For the first time in my life, I wasn’t in fear of what was to come next.  I knew I had to fully trust God. I knew He was the only one who could save our sons.  I knew now was not the time to be angry.  I knew now wasn’t the time to ask why. See the why didn’t matter. The why really never matters.  What mattered was that I knew God had a plan and I needed to trust Him. I knew I had to bring glory to God.  I knew God could perform miracles.

Noah and Isaiah are now healthy 4 years old, soon to be 5. I still say, “We HAVE TWINS,” in complete disbelief at least once a week. While Isaiah has challenges, but we don’t let those hold us back. We are still trusting God to do what He wants to in and through our sons.

Marisa Swann is a wife and mother who is coffee and essential-oil obsessed. She currently lives in Cypress, TX with her husband, 6 children, and a the start of a domesticated zoo. Her passions include cooking and sending starter kits for The Loved Bible Project. She also enjoys sleeping in, fine dining, and trips to Hawaii…or at least she thinks she would if she ever got the chance to do any of them.


Categories God

When God Gives You What You Need Instead of What You Asked For

Hi friends! This post is part of a 7-week series on overcoming fear in which a few friends will be dropping by as guest bloggers. Please visit their blogs, linked at the bottom of their posts here, if you’d like to hear more from them. Here’s to getting a little more free from fear together. – Bree

When God Gives You What You Need Instead of What You Asked For by Lesley Islas

I spent the first 36 years of my life merely surviving, trying to muster up enough will to live, to get out of bed, and to try and be a decent person. The manipulation, untruths, and trauma of my childhood had me tangled in a web of shame, co-dependency, loneliness, and despair. I walked around attempting to mask my fear of so many things – mostly people and all the ways they could break my heart.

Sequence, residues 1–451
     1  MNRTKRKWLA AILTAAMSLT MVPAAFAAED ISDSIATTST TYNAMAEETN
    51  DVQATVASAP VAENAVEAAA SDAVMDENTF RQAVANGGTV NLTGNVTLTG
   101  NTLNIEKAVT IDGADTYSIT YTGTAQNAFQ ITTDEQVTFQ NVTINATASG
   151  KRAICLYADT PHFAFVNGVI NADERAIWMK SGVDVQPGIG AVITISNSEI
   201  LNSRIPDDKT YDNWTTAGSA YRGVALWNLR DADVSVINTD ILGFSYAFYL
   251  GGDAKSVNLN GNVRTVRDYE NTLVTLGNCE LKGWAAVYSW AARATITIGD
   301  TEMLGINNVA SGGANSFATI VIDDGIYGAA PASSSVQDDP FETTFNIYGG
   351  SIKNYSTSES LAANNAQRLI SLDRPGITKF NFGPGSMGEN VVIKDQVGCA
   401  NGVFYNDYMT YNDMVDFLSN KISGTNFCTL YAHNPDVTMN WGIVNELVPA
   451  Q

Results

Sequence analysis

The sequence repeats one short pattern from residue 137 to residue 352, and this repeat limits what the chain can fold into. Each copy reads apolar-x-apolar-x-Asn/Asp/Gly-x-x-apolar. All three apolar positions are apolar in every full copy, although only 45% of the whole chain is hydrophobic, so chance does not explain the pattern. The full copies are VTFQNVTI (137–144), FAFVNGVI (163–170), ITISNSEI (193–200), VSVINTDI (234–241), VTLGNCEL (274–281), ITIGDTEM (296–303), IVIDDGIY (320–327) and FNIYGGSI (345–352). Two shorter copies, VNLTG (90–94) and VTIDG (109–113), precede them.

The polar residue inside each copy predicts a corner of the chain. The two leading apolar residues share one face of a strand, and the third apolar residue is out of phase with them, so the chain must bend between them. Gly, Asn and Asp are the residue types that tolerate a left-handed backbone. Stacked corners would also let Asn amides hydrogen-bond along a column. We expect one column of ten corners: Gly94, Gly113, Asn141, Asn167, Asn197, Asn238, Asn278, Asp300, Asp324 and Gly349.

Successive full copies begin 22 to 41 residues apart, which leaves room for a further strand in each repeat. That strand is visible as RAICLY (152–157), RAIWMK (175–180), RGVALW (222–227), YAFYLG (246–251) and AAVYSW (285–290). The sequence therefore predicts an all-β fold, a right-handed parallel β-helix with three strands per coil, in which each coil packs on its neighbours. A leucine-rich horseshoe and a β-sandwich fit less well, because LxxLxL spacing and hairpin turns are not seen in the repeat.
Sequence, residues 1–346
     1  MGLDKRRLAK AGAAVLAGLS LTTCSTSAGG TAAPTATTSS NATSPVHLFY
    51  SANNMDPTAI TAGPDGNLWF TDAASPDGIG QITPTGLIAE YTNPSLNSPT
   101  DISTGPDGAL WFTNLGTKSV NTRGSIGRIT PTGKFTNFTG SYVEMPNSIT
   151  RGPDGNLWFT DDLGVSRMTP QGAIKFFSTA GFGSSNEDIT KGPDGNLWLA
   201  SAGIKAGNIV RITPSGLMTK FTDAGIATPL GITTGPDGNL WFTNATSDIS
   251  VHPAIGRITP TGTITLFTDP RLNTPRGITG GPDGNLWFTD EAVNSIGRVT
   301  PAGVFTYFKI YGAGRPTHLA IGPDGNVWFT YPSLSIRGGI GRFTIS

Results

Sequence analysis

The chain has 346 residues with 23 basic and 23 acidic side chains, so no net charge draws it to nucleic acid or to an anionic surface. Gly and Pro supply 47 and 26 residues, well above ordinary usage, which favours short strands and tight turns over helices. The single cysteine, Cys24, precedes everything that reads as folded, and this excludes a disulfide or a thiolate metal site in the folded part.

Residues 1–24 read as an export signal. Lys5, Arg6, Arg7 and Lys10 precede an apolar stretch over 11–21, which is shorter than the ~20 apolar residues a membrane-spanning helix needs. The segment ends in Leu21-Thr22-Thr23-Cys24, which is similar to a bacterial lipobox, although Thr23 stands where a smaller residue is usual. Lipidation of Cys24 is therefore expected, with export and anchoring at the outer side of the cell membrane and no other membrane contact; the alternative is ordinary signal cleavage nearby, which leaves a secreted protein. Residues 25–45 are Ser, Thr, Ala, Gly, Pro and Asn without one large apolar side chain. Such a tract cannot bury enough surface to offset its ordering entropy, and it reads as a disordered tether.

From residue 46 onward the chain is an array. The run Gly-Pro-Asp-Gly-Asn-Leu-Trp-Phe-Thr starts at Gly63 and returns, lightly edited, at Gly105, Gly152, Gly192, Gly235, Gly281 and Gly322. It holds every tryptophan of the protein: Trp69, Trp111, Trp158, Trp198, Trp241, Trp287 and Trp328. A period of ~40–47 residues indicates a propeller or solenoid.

That kind of heaviness weighs on a person – for me the weight was both emotional and physical. From the age of five until just recently, I steadily gained weight in both capacities. The pounds on my body became a protective barrier from the kind of people who frightened me and the emotional baggage became an excuse to retaliate, run, and burn bridges at the first sign of rejection.

The thing is… that’s not a very fun way to live. That kind of life doesn’t embrace the abundance Jesus died to offer us. I knew that. I felt that truth in my bones. I knew the life I was living didn’t line up with who God said He was or who He said I was, but I couldn’t see any other way. Fear had paralyzed me. Fear had convinced me that the life I was given was not worth living.

On a Sunday afternoon in September 2017, I found myself in the middle of a medical emergency. My blood pressure was well over twice the numbers considered normal – stroke range. In the midst of this physical ordeal,  I was begging, pleading, bargaining, and crying out to God to take my life. This was His chance. I was done. Done fighting. Done pretending to be okay when I wasn’t. Done feeling broken and inadequate. I could not live in fear any longer. My solution was death. God’s solution was life.